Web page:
- Click Next to display the Local Server Settings window.
- In the Server Home field, enter the root of the ColdFusion installation. On Windows computers, the root will usually be C:\ColdFusion9. The Document Root field should be filled in automatically (if the Server Home specification is correct). Set the version to 9 (or 9.0.x).
- Click Next to display the Install Extensions window.
- Make sure Install Extensions is checked and click Finish.
Figure 3.2 The first thing you should do upon running ColdFusion Builder is define your ColdFusion Server connection.
The RDS password provided at ColdFusion installation time
You should see your localhost server now listed on the Servers tab, and the Status area should say Running (indicating that ColdFusion Server is running and ColdFusion Builder can connect to it).
You can verify that ColdFusion Builder is communicating with ColdFusion Server by opening the RDS Dataview tab and expanding the localhost data source entered there. If that data source is present, and if you can expand it to see the tables and their contents, then all is well.
Creating a Project
ColdFusion development almost never involves a single file. Rather, ColdFusion applications are usually large (and ever growing) collections of files and folders. In ColdFusion Builder, each application you work on is defined as a project, and you can define as many projects as you need.
All the lessons in these books build parts of an application for Orange Whip Studios, or OWS. Therefore, we’ll create a project named ows. Here are the steps:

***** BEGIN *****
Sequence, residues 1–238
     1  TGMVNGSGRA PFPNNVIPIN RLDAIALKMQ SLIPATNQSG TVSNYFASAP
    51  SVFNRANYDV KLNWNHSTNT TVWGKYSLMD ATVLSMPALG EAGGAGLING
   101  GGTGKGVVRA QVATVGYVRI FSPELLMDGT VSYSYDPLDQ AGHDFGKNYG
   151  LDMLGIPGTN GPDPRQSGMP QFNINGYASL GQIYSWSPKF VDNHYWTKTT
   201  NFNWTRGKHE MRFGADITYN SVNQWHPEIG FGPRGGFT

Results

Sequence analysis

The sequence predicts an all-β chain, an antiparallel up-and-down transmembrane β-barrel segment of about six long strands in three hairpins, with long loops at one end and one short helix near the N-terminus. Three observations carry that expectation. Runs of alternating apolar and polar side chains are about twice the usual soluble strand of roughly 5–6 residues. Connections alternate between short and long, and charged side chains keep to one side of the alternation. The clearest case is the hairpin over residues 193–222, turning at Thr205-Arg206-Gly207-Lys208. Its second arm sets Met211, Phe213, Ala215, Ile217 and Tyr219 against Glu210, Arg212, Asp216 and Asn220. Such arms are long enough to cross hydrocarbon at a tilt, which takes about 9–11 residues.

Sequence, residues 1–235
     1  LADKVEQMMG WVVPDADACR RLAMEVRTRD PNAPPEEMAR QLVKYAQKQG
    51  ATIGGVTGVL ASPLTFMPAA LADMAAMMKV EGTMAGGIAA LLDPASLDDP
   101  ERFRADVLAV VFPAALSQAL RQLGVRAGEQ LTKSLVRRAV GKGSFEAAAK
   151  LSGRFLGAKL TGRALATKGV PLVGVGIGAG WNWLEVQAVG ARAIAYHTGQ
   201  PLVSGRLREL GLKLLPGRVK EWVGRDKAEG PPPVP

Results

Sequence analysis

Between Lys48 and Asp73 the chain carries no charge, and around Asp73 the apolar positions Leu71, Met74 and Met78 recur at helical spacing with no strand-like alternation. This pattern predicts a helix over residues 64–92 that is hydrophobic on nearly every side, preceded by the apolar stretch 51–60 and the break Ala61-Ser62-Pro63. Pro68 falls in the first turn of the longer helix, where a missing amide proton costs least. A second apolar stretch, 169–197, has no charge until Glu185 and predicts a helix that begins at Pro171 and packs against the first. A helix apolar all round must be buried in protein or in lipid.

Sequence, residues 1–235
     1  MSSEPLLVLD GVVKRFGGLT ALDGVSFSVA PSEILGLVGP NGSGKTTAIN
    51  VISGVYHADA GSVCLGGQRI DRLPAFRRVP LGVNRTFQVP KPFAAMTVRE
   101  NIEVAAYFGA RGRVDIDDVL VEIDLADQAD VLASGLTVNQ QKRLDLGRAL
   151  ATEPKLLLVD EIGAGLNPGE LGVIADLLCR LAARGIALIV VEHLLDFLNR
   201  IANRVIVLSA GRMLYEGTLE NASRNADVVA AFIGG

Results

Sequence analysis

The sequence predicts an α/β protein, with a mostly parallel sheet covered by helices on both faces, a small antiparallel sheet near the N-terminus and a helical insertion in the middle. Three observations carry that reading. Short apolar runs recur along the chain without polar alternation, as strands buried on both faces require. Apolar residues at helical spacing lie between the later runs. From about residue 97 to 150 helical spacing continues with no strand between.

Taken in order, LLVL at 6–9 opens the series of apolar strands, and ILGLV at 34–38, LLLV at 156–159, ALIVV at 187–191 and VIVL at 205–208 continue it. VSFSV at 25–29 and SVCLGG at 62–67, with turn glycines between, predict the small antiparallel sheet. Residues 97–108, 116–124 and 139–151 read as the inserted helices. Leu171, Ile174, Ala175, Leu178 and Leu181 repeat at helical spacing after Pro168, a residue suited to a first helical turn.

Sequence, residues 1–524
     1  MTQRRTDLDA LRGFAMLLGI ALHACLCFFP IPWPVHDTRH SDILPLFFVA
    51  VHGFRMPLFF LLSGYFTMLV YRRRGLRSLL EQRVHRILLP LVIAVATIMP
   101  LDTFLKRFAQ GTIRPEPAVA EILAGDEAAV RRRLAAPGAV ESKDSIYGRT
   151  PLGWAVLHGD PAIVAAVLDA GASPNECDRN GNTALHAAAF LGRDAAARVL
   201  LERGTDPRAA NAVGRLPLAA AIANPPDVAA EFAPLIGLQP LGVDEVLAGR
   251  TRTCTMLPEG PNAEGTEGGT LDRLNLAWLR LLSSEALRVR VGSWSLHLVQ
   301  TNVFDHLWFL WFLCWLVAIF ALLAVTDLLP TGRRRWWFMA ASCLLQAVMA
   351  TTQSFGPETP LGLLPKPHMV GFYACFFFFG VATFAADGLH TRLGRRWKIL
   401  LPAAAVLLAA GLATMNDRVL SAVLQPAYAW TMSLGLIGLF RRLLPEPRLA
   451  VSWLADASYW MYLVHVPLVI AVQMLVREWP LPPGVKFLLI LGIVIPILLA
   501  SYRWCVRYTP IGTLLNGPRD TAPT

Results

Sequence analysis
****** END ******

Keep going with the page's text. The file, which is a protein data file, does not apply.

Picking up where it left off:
- Locate the ColdFusion Builder File menu and choose File > New > ColdFusion Project to display the New ColdFusion Project window. (You can also right-click in the Navigator panel and choose New > ColdFusion Project.)
- Specify OWS as the project name.
- Uncheck the Use Default Location option, and for the Project Location specify the application path (on a Windows computer with the default configuration, the path should be C:\ColdFusion9\wwwroot\OWS). Then click Next.
- You now need to specify the ColdFusion Server to use for this project. Select Localhost (the server you just defined) from the Servers drop-down list. Then click Next.
- The final screen will ask you about additional sources and applications. Leave these all as set and click Finish.
You now have a project set up for use with the applications in this book. The new project will automatically be opened in the Navigator panel. If ever the project is not opened, you can open it by right-clicking it in the Navigator panel and choosing Open Project, or by double-clicking it.
Working with Files
Now that you’ve successfully defined the ows project, here are a few basic file access techniques that you should know.
To create new folders in ColdFusion Builder, select the folder to contain the new folder, right-click (Windows) or Control-click (Mac), and choose New > Folder. You’ll be prompted for the folder name; enter it and then click Finish.
To create new files in ColdFusion Builder, select the folder to contain the new file, right-click (Windows) or Control-click (Mac), and choose New > ColdFusion Page. You’ll be prompted for the file name; enter it and then click Finish.
Saving, Closing, and Opening Files
To save a file, do one of the following:
- Press Ctrl-S (Windows) or Command-S (Mac).
- Choose Save from the File menu.
- Click the Save button on the toolbar (it is a picture of a diskette).
To close a file, do one of the following:
- Press Ctrl-W (Windows) or Command-W (Mac).
- Choose Close from the File menu.
To open a file, do one of the following:
- Choose Open from the File menu.
- Double-click the file in the Navigator panel.
And with that, you’re ready to begin ColdFusion development using ColdFusion Builder.